Monday, December 20, 2010

A metaphorical Mechanical Clock

An elder in my church once gave me a book called "How to Think Like Leonardo da Vinci" by Michael Gelb. He said it reminded him of me and he thought I had the potential to become a genius. I am still 'wowed' by his belief in me today.

I picked up the book again and started reading right from the beginning. It certainly gave me something to think about. The book goes a little too far, in my opinion, about the human potential. It likes to paint an optimistic picture of what a human is capable of completely on their own and it leaves God out of the picture.

But it still blew my mind. It's an amazing book and I hope whoever aspires to be a writer or artist will read it.

One thing particularly struck me in the first chapter. This is a list of the top inventions that made the difference in the Renaissance era:

Printing press
Pencil and affordable paper
Astrolab, magnetic compass, and large sailing ship
Long range cannon
Mechanical clock

All but the last two have this in common: the spread of ideas. Books people could read and ideas common people could write, ships that could transfer these ideas more readily and bring new ideas back, etc. These new ways of getting ideas out there that gave fuel to the Renaissance.

But the last two had nothing to do with spreading ideas. The cannon was a device that could finally penetrate a feudal fortress, which aided in the destruction of feudalism, paving the way for a better system.
The mechanical clock changed things: most people didn't even know what century they lived in, and were not conscious of time spent from day to day. The Mechanical Clock sort of turned time into a commodity when people realized they could spend it or waste it. (Sadly, we still haven't figured out a way to save it.)

What if there were a mechanical clock of today that would change things for us? Something that would make us aware of what we were previously oblivious to?
Perhaps it will teach us to be aware of our own attention spans and help us realize we can spend them as well as waste them.
In a sense, I believe we need to re-learn the lesson of the Mechanical Clock: Time is a commodity more than ever. If our brains can process things as fast as Gelb claims in his book, we better get processing and put that ability to use. That means purposefully choosing the correct things to process.

It's like learning Chinese. You can learn the first 1500 most used characters and gain a 92.4% understanding of the language. But if you double that by learning the next 1500 most used characters, you do not double your percentage of understanding. In fact, you only gain 5.9% more understanding. (You can find the statistical chart here.)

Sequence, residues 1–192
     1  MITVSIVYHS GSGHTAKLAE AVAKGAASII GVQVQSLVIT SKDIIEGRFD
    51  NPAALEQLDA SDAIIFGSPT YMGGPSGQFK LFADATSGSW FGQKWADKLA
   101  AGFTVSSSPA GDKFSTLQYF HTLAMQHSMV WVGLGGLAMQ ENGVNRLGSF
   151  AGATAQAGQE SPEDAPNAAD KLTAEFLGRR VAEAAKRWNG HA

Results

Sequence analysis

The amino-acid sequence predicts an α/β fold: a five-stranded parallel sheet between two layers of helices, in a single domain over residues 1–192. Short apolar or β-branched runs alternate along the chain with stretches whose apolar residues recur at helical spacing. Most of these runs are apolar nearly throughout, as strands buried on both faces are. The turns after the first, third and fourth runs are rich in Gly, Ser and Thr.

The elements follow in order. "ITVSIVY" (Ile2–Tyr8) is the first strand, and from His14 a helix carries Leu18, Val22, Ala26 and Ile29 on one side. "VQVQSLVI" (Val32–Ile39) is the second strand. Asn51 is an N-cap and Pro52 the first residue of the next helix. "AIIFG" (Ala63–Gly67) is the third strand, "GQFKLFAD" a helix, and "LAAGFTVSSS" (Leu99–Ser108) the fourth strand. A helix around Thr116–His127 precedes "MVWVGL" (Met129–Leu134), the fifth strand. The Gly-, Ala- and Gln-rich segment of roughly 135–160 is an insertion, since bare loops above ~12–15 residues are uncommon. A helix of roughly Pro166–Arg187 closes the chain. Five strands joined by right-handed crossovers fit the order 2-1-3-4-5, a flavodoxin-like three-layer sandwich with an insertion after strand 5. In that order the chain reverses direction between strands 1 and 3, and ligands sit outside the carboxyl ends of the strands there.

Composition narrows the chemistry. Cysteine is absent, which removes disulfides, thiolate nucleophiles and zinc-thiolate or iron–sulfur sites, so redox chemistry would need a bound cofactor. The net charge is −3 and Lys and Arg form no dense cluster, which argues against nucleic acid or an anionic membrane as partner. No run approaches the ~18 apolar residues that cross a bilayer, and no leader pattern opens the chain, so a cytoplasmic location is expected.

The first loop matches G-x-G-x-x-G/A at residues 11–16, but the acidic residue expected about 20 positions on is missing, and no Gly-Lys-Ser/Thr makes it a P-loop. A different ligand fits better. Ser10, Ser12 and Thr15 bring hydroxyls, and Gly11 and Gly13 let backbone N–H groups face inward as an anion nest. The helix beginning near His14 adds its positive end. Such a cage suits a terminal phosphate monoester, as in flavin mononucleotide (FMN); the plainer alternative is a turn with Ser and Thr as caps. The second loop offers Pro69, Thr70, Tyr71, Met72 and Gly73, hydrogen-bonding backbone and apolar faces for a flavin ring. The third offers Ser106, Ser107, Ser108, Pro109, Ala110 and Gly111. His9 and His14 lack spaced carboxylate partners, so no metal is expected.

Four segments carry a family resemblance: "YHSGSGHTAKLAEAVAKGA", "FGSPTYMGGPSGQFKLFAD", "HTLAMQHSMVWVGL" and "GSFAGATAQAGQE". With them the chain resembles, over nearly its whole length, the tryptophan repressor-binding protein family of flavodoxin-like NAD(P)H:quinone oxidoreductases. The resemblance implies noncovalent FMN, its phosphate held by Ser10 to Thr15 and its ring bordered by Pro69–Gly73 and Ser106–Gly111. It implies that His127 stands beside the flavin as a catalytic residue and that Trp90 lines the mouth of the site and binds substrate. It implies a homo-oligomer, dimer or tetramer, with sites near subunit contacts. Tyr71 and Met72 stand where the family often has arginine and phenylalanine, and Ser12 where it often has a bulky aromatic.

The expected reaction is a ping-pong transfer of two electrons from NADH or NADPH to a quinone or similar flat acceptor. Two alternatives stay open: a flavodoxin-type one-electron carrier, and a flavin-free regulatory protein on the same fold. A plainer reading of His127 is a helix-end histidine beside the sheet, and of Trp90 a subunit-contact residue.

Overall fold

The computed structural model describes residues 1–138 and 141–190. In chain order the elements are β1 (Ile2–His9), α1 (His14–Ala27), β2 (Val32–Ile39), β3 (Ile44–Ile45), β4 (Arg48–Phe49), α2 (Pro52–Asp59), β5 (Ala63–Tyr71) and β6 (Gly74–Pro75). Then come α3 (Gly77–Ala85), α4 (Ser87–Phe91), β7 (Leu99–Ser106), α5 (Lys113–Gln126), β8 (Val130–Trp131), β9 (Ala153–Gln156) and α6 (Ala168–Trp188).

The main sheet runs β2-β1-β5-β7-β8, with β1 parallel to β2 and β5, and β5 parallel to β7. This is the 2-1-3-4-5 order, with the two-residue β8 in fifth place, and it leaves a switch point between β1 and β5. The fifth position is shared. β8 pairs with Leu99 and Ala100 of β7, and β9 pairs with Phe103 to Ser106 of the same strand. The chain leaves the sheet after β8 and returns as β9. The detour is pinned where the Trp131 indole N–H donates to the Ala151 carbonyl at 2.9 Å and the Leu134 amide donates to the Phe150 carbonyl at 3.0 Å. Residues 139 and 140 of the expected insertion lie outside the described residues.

With everything under the sun at our fingertips, it's important that we reach first for what's most important and leave the useless drivel behind. Imagine if you weren't judicious about which 1500 Chinese characters you learned. You could end up putting in the work for 1500 characters and only gain a 5.9% understanding. But if you take the time to discern which are the right characters to learn, you could gain so much more (92.4%).

The clock made people aware of time. What can make us aware of how much attention we have to spend? Perhaps texting and driving? That, at least, has proven there is a limit to multi-tasking.

One thing I have to remember day to day is that I need time to chill. Time without the tv, computer or smart phone. If I try to focus on too many things for too long, I'm wasting my attention on all of them. I might not live up to the genius that man saw in me a long time ago, but I do know that if I overload myself by trying to do too much, no real thoughts will emerge and my creativity will be quenched.

Over the holidays, I hope you can catch a break and find some time to relax. Get away from all media for an hour or two and enjoy your family, sit and think, or journal and sketch to your heart's content.

Merry Christmas, everyone!

1 comment:

  1. One of your best posts yet. Much of human knowledge is normally distributed (bell curve), although it's not necessarily so easy to quantify as your Chinese characters example (or NT Greek vocab which follows an identical trend). When you first walk into a room, its layout and colors are instantly etched into your memory. Similarly, even a brief soirée with a given body of knowledge will give rich context to your interpretation of future relevant encounters.